Backstory: Behind the terror takedown

When a U.S. special operations team suddenly surrounded the car carrying the Islamic State's second in command, he was given the split-second option of surrendering. Instead, he began firing.

"He made a bad choice," a senior military source told Fox News.

Abd al-Rahman Mustafa al-Qaduli, also known as Abu Ala al-Afri and Haji Imam, died in a hail of bullets early Thursday morning on an isolated road in eastern Syria, a location described by U.S. military officials as being "in the middle of nowhere."

Defense Secretary Ash Carter told a press conference Friday he was ISIS' finance minister. But the terror leader also was considered the man most likely to take over for ISIS leader Abu Bakr al-Baghdadi, if he were captured or killed.

Details of the takedown emerged Friday, including descriptions of the elite U.S. assault force arriving in helicopters as drones flew overhead, tracking him.

When al-Afri refused to surrender, he and all those with him were killed. If he had been captured, he would have been interrogated and then handed over to Iraqi authorities.

The U.S. team had been practicing the mission for weeks. "It was a really good mission," one source familiar with the developments told Fox News. "It was precision and went as planned."

"We are systematically eliminating ISIL's cabinet," Carter said at the news conference.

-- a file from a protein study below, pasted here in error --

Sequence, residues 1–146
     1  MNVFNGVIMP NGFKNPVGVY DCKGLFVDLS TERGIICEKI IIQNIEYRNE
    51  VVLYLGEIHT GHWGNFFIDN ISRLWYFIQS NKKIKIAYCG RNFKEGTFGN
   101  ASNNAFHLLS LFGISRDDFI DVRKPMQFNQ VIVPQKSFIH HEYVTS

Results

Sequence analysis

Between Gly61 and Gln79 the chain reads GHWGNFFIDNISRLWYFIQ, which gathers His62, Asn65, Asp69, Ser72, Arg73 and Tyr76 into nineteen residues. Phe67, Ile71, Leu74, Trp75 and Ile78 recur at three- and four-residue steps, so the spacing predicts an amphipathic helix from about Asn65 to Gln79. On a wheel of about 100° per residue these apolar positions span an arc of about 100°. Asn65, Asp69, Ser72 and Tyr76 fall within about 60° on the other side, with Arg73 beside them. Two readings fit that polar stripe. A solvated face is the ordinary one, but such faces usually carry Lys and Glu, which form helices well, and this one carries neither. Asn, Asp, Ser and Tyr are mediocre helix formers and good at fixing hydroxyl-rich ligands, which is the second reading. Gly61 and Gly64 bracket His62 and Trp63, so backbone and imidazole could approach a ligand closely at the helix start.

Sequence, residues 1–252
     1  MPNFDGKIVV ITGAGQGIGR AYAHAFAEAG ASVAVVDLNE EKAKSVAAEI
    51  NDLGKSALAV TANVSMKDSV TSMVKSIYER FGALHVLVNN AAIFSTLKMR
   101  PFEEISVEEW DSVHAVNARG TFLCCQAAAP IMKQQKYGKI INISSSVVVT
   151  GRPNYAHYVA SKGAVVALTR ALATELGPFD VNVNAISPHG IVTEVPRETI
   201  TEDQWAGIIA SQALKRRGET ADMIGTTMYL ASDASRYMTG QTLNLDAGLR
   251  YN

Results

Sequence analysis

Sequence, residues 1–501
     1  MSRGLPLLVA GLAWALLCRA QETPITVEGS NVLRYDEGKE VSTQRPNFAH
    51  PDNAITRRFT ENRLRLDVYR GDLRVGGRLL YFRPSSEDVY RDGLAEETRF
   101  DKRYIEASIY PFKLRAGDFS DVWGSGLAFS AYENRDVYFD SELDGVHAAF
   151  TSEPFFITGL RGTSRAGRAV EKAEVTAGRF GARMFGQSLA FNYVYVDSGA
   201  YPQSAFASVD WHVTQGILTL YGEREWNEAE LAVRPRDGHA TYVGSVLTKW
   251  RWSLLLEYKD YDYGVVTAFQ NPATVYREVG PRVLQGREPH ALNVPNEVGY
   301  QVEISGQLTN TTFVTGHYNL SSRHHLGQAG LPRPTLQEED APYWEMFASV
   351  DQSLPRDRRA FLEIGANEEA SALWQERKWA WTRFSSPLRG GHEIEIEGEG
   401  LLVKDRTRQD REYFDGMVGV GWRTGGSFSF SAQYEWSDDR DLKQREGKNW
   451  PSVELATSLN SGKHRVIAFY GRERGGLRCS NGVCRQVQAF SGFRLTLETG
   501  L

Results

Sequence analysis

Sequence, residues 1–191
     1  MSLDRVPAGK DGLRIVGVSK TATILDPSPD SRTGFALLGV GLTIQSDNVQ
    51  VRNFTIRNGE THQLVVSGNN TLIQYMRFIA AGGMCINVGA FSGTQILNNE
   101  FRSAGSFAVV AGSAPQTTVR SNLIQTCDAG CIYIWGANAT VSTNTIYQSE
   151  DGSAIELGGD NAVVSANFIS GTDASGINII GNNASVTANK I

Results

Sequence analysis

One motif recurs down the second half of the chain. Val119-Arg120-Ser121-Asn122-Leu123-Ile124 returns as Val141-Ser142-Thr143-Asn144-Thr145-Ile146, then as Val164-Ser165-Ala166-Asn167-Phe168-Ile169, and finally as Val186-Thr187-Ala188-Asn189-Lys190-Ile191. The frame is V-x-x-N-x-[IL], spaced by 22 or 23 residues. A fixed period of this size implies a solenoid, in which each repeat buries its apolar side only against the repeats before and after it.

“The removal of this ISIL leader will hamper the organization’s ability to conduct operations both inside and outside of Iraq and Syria."

Carter described the target as responsible for funding ISIS operations and involved in some external affairs and plots.

He said this was the second senior leader successfully targeted this month, in addition to the group’s “minister of war” Omar al-Shishani, or “Omar the Chechen,” killed in a recent U.S. airstrike.

A U.S. official told Fox News that the Brussels terror attack earlier this week prompted the raid in Syria.

Al-Afri is a former physics professor from Iraq who originally joined Al Qaeda in 2004. After spending time in an Iraqi prison, he was released in 2012 and traveled to Syria to join up with what is now ISIS.

On May 14, 2014, the U.S. Department of the Treasury designated him as a “Specially Designated Global Terrorist” for his role with ISIS.

The Chairman of the Joint Chiefs of Staff, Gen. Joe Dunford, also said at the press conference that more U.S. troops might be headed to Iraq soon.

"The secretary and I both believe that there will be an increase to the U.S. forces in Iraq in the coming weeks,” Dunford said. “But that decision hasn't been made."

He added that despite a number of high profile strikes against the terrorists, by no means would I say that we're about to break the back of ISIL or that the fight is over."

Fox News’ Lucas Tomlinson and Jennifer Griffin contributed to this report.